Michel Ciment unlocks the secrets of The Honeymoon Killers (1970) and Wanda (1970)
Before the screening of The Honeymoon Killers (1970) on Friday night, Michel Ciment, editor of Positif and curator with the Film Society for the Mavericks and Outsiders series, shared several compelling details about the film I hadn’t heard before.
Leonard Kastle is a career composer and librettist for opera, but he has also written a number of screenplays. He was so taken with a news clipping about the real life: “The Lonely Hearts Killers” that he wrote the screenplay for The Honeymoon Killers with particular attention to accuracy and details of the real life models of his characters (and used their real names). Veteran television producer Warren Steibel worked to put the project together, and hired a young promising director … the pre-Mean Streets (1973) Martin Scorsese! … to direct. But by the sixth day of production, after Steibel had argued with Scorsese over every decision, Scorsese turned on him, saying that if Steibel didn’t want his vision as a director, he ought to make the writer direct it. And so starting day seven, Kastle, with no previous experience as a director, took the helm. Scorsese’s material was scrapped, and Kastle extended his passionate exploration of the material into this accomplished, idiosyncratic film.
As one explanation of the film’s stronger reputation in Europe, Ciment told the story of its premiere at the Pesaro film festival. After the screening, the audience was struck completely silent by the effect of the film. Journalists, not sure how to cover such a film given anti-American sentiment associated with the Vietnam War started drifting out of the theater. Writer and key cultural bellwether Marguerite Duras stood up and shouted into the silence that this was an incredible film, the strongest indictment of American culture ever created. Immediately, journalists began drifting back into the theater, many of them wanting interviews with Kastle….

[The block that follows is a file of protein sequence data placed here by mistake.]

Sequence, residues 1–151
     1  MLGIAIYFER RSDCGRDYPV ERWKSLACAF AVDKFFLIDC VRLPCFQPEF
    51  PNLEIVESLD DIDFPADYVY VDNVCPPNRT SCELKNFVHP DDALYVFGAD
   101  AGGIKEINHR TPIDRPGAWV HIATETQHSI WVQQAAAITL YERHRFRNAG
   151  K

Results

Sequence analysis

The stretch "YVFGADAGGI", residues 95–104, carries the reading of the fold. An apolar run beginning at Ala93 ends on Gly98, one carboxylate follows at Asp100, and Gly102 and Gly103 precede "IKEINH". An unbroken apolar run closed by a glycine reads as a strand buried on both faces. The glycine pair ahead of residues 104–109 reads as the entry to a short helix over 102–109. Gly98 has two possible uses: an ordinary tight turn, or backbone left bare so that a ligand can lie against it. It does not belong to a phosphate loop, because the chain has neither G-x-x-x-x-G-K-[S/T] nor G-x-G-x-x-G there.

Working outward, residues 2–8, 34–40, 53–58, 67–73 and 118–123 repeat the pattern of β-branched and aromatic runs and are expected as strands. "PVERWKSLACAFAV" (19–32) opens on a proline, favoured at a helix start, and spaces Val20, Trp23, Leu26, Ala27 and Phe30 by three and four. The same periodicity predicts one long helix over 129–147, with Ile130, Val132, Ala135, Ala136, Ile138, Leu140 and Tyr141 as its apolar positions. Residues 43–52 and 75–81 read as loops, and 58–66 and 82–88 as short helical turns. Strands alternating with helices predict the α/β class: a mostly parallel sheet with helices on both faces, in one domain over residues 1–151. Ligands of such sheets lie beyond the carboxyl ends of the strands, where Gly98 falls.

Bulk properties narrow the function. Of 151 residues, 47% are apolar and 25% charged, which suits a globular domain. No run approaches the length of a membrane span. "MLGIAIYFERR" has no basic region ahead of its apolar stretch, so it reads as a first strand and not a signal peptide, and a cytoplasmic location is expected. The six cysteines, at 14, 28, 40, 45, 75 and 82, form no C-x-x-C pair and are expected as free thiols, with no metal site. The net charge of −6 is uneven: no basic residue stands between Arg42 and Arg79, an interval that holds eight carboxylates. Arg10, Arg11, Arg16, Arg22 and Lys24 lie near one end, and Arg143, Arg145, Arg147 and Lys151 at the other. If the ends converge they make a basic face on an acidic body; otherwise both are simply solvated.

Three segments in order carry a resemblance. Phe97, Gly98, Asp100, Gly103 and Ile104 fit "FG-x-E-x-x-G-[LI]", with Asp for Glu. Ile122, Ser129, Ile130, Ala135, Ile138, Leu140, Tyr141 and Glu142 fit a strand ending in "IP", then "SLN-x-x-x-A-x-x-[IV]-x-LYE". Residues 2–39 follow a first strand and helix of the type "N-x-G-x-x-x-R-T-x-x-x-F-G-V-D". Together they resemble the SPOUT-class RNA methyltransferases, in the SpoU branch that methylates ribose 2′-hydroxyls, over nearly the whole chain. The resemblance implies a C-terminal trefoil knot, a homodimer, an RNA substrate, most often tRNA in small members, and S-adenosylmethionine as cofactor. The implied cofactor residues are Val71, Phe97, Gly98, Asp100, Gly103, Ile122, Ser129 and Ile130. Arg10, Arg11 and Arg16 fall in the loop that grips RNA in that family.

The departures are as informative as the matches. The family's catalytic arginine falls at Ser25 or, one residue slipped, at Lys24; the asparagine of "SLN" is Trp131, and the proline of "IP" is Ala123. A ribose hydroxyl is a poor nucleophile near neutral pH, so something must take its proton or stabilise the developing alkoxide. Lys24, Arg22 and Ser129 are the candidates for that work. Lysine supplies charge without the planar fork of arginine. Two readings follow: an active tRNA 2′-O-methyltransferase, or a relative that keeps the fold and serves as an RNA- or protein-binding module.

Talking also about Wanda (1970) from the same night, Ciment pointed out experiences you can create with a “criminals-on-the-run” genre film that you can’t transmit as easily to audiences without those conventions to keep them attentive to the film, experiences such as having a character looking out into the street for a minute or two, and moments of waiting. These glimpses offer the audience an opportunity to uncouple itself from narrative rails to be positioned in the world of the film in a more ambiguous, observational position. A number of films programmed in Mavericks and Outsiders series offer this experience: Keane (2002) deputizing the viewer to investigate New York’s Port Authority neighborhood along side Keane, Schatzberg’s invocation of disjointed past and present history through place in Reunion, and even Duvall’s Detective Spellacy walking us wordlessly through the Black Dahlia murder site in True Confessions (1981). That the editor of Positif should be picking up on this is no surprise, the magazine’s willingness to approach genre films with the critical attention peer magazines restrict to “serious cinema” helps encourage audiences to catch these hidden glimpses.